Harvest Public Media

Today’s emerging agenda for agriculture is headlined by climate change, food safety, biofuel production, animal welfare, water quality, and sustainability.  

Harvest Public Media is a collaboration of public media outlets across the nation's mid-section that examines local, regional and national issues of food, fuel, and field.

The federal government wants to revamp hog slaughter inspections, proposing changes that were more than 15 years in the works and are being touted as ways to improve food safety. Critics argue they hand too much responsibility to meatpackers and may put workers’ safety at risk.

Since the George W. Bush administration, the federal government has doled out millions of dollars with the promise to expedite access to broadband service in remote parts of the country.

President Donald Trump is no exception, having signed an executive order earlier this month directing the government to use “all viable tools” to speed up the process to locate wireless technology on federal buildings in rural areas. Plus, Federal Communications Commission Chairman Ajit Pai just proposed putting a $500 million toward rural broadband.

While all political persuasions agree with the recent U.S. Department of Agriculture’s Rural Task Force report that broadband is critical for the economic health of a large swath of the country, experts say the devil is in the details — or lack thereof. They also say Pai’s infusion of money does little more than restore funding that previously had been cut.

In winter, farmers across the U.S. visit their banks to learn whether they have credit for the next growing season, relying on that borrowed money to buy seed, fertilizer and chemicals.

But prices for corn, soybeans and wheat are low enough that some producers have had a hard time turning a profit, and financial analysts expect some farmers will hear bad news: Their credit has run out.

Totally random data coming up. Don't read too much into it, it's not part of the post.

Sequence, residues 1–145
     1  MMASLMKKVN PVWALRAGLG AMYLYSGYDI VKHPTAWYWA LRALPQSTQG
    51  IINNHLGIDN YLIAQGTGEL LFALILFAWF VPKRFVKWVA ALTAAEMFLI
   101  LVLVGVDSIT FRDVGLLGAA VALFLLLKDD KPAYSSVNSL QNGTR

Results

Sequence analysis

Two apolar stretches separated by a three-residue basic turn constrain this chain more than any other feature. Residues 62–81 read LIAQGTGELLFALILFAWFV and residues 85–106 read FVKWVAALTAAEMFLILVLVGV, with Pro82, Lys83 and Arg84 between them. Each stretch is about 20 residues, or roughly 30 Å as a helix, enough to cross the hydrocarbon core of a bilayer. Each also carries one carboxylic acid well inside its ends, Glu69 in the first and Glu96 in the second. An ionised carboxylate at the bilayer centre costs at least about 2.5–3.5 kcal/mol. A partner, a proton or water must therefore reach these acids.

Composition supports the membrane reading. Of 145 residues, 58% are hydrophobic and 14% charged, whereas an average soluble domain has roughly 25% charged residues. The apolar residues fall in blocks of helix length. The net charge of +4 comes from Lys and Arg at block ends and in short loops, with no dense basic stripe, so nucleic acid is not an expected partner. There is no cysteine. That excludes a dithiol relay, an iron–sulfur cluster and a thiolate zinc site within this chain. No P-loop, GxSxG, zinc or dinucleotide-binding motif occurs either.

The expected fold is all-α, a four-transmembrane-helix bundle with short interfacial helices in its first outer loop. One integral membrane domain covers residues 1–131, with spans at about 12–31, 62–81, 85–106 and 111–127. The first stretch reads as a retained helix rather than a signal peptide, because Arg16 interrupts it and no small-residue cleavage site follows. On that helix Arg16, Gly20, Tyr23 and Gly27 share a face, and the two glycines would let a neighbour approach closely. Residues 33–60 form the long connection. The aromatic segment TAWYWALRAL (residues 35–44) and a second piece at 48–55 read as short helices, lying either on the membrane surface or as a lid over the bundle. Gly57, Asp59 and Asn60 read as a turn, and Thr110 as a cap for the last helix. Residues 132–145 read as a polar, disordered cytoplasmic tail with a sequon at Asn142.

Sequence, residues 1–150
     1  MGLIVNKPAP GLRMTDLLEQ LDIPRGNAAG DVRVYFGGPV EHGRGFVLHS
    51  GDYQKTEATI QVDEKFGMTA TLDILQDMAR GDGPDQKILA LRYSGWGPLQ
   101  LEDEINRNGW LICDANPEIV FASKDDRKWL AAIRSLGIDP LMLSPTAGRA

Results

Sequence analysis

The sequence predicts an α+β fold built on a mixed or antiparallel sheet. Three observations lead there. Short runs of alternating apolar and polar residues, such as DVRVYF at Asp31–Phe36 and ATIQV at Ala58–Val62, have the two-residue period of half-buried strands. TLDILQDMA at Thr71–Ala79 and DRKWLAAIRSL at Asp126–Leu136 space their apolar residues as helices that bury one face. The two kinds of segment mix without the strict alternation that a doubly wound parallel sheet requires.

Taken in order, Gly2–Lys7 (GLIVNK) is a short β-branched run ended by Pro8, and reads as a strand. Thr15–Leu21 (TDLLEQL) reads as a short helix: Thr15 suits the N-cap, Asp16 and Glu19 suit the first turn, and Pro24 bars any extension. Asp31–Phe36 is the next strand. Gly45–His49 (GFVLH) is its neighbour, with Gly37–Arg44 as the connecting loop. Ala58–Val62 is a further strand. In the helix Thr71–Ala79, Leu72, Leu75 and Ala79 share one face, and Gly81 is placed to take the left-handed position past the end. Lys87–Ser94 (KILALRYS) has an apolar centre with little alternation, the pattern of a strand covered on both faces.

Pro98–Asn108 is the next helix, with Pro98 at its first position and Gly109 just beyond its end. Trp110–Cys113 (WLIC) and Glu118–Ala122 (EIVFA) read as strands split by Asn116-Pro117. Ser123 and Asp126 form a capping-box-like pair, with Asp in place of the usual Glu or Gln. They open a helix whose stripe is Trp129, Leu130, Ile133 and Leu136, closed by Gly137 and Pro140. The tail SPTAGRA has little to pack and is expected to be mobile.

Icy Rivers In Midwest Impeding Grain Bound For Export

Jan 19, 2018

The recent frigid weather across the Midwest has slowed river barges carrying grain to shipment ports, especially those destined for the Gulf of Mexico via the Mississippi, Ohio and Illinois rivers.

In the coming months, Congress will map out how it’ll spend upwards of $500 billion on food and farm programs over the next five years.

The massive piece of legislation known as the farm bill affects all taxpayers — whether they know it or not — and runs the gamut from farm safety net and conservation programs to food stamps and loan guarantees for rural hospitals. Since the bill hasn’t been introduced yet, now is the time when interest groups, farmers and others clamor to ensure their desires will be heard.

As President Donald Trump and Secretary of Agriculture Sonny Perdue made the rounds this week to reiterate their commitment to rural communities and farmers and ranchers, the federal agency that President Abraham Lincoln established still lacks top appointments.

Shoring up rural America’s economy must start with broadband access and technology, a federal task force says in a report released Monday.

The group, chaired by Agriculture Secretary Sonny Perdue and made up of other Cabinet members, says doing so will bring rural areas increased health care access, better job training, smart electrical grids and more precision farming technology. Little of that can be accomplished, the report says, without closing the broadband gap between urban and rural residents.

The U.S. Department of Agriculture predicts consumers will be paying less for beef, pork, lamb, chicken and turkey in early 2018 than at the start of 2017. Not so for eggs.

The U.S. Department of Agriculture predicts consumers will be paying less for beef, pork, lamb, chicken and turkey in early 2018 than at the start of 2017. Not so for eggs.

A few years ago, Kansas City restaurateur Anton Kotar surveyed the local and national restaurant scenes and concluded his town’s reputation as a steakhouse paradise had slipped.

The problem, he says, is the way conventional beef is raised – bulked up with grain on feedlots, making it cheap and plentiful and changing what Americans expect to taste.

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